Some attorneys will go through the motions every day, hoping the clock moves faster so they can leave their office and get on with the rest of their day. Others choose to come to work with a different mindset—one where they’ll do everything possible to help the clients who depend on them find success in their legal challenges. James Young is one of those unique attorneys, as he’s devoted his career to helping everyday people expose instances of complex corruption and fraud schemes. Beginning as an in-house attorney at a publicly-traded company, Mr. Young has made great leaps and bounds over the course of his legal journey. James spent ten years as Special Counsel to Florida’s Attorney Generals' office before joining us at Morgan & Morgan. Since then, he’s worked diligently in various leadership roles within our Complex Litigation Group, using his prior experience to better serve the needs of potential whistleblowers and public clients across the nation.
Morgan & Morgan is lucky to have a talented litigator like Mr. Young on our team. We had the opportunity to speak with him about his career, and our conversation is transcribed below:
This interview was lightly edited for clarity.
How Did You Get Into the World of Law?
James: I originally planned on being a general contractor in the construction business, following in the footsteps of my father and grandfather who were both union carpenters. But, like many college students who had a major that wasn’t going anywhere, I ended up a political science major. When I was getting ready to graduate from the University of Florida, an advisor told me, “You have two options: you can teach high school civics, or you can go to law school.” Thankfully I chose the latter, though funny enough I have also volunteered as a civics teacher over the years.
In law school I was always drawn to healthcare, generally, and I guess I had visions of being an attorney for a hospital, a general counsel, or an in-house attorney for a hospital district. While I did touch on aspects of healthcare law throughout my legal career, I never went down the route where I was directly working for a healthcare facility or hospital, rather I spent most of my time suing them.
What Was It Like to Spend Ten Years as Special Counsel to Florida’s Attorney General?
James: Fantastic. Really, still to this day, it’s one of my career highlights. I started out at the AG’s office’s Civil Rights division here in Jacksonville and was investigating and litigating cases involving racial discrimination, fair housing claims, disability discrimination, denial of service, dogs at places of public accommodation, and other things like that. They were really interesting, important cases, but I only did that for about a year and a half.
After that, I transitioned into much more of a complex civil litigation role, working on consumer protection matters. Then, one day, there was a massive meeting in Tallahassee, and they asked if anyone had experience in pharmaceutical sales litigation or pharmaceutical branding and marketing cases. My wife had been a pharmaceutical rep for most of her professional career, so I raised my hand, and I was the only one. I ended up getting tapped to head up the multi-state enforcement group, which was a collection of lawyers that focused on litigation and investigation related to healthcare fraud and consumer protection violations by pharmaceutical and medical device companies.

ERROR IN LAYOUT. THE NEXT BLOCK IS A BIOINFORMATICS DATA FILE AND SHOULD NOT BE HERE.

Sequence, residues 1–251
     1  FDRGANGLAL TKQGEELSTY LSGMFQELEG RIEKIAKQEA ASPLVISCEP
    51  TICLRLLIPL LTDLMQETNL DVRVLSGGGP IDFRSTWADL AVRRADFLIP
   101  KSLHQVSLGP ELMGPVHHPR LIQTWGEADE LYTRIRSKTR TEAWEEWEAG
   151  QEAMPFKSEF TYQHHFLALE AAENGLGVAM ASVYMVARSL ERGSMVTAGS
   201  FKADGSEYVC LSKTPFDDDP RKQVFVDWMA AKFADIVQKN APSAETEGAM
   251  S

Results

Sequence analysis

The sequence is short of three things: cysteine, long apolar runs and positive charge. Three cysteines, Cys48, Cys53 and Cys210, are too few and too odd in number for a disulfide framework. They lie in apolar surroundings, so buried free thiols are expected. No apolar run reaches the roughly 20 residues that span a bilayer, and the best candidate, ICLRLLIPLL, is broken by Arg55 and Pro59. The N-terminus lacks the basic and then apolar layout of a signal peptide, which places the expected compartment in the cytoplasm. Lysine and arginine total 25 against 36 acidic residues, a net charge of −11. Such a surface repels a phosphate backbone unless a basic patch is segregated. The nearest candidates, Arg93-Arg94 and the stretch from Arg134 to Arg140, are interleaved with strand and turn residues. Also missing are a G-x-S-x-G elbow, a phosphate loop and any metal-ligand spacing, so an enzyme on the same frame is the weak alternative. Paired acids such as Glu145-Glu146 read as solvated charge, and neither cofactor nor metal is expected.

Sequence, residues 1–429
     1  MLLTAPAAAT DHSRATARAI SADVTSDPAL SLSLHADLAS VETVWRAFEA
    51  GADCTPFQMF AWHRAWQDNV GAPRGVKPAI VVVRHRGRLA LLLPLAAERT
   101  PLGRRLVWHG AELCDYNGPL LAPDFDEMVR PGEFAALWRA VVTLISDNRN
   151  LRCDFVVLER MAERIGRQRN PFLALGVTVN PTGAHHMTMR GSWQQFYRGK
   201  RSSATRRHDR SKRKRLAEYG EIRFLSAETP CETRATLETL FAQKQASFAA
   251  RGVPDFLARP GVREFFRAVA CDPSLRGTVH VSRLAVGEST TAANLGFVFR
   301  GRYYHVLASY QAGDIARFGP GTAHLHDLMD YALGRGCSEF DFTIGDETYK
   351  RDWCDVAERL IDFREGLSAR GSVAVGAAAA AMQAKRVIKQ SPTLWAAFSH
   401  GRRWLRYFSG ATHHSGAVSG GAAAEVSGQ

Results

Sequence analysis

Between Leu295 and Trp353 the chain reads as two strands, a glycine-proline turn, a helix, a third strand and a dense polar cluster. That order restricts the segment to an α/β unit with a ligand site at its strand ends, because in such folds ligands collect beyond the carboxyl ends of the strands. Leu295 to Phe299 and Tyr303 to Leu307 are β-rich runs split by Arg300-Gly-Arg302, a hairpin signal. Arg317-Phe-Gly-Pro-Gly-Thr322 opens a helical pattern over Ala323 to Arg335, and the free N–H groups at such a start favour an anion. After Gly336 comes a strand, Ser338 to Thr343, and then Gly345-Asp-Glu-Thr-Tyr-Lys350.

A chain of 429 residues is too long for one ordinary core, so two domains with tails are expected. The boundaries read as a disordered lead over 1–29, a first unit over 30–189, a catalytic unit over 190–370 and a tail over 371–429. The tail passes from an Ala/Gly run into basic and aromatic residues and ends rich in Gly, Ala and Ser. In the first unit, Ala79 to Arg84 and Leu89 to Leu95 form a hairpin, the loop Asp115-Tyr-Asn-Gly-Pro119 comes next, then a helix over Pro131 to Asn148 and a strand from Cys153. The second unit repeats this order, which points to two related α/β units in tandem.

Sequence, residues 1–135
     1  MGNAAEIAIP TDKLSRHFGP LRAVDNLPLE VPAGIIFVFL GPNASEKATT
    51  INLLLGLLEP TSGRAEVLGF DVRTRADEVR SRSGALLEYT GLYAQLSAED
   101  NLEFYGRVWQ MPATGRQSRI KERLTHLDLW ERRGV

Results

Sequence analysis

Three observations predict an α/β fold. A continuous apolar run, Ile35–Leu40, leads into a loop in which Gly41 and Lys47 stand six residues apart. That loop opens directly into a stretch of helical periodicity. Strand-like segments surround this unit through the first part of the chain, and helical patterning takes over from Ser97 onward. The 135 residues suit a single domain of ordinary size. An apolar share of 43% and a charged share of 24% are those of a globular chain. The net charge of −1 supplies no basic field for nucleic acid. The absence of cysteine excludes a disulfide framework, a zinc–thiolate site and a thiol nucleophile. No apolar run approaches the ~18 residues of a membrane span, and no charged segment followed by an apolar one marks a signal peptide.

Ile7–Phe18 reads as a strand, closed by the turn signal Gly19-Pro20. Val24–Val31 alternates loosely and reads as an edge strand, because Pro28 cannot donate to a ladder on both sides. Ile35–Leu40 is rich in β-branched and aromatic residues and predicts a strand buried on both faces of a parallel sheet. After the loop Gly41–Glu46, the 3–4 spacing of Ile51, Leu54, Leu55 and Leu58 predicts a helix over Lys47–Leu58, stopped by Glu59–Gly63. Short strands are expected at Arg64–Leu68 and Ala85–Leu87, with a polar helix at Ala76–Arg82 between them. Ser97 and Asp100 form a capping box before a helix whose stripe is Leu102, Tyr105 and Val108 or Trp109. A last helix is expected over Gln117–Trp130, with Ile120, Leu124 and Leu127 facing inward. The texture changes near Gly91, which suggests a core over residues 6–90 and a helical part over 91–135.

So, that’s how I spent most of the time there. I got to work on some amazing cases with phenomenal people, both at the AG’s office and on opposite sides of the table. But, the highlight was the Vioxx litigation in Louisiana, where I was appointed to a leadership position. The Vioxx case was a very large MDL which settled for several billion dollars, and for me, getting to see the behind-the-scenes of how an MDL works and how leadership works were really eye-opening and life-changing for me. It’s what led me here to Morgan & Morgan.
How Did It Feel to Transition From That Role to Morgan & Morgan?
James: I had been at the AG’s office for about nine years and had two kids that were pretty young. If you’re not familiar, you don’t make a huge salary working for the state as an attorney. So, I started to think about when I would take that next step in my career and maybe leave government service in search of more opportunities for growth, both financially and professionally. I served on a Florida Bar Committee with John Yanchunis, who currently heads the class-action department here at the firm. I had a great relationship with John, and I approached him about ideas at different firms and whatnot because frankly I didn’t realize that Morgan & Morgan did these kinds of cases. From my perspective at the time, I thought they only did car accident cases.
It took maybe four to six months while we were talking and figuring it out, “Hey, there’s a spot at Morgan & Morgan that makes sense for you.” Ultimately, I interviewed and made the decision to make the leap, which was exactly nine years ago now.
What a phenomenal move it was. It was a leap of faith because I didn’t understand the plaintiff's side to litigation. I’d never worked for a plaintiff firm; I was an in-house attorney before I was at the state, and I worked at a defense firm before that. But, it worked out tremendously for me, because I got to still recover taxpayer money from fraudsters, but now I had skin in the game. Ultimately getting invited to partnership in Jacksonville, where I’m based, was even more of a blessing. I’m so lucky to work with these incredible lawyers who teach me something new almost every day. The cherry on top for me was when the firm allowed me to create a new practice area devoted to representing public clients like state and local governments or native tribes. So now I get to wear the white hat and go after fraudsters on their behalf as well. I can’t ask for a better place to do this important work.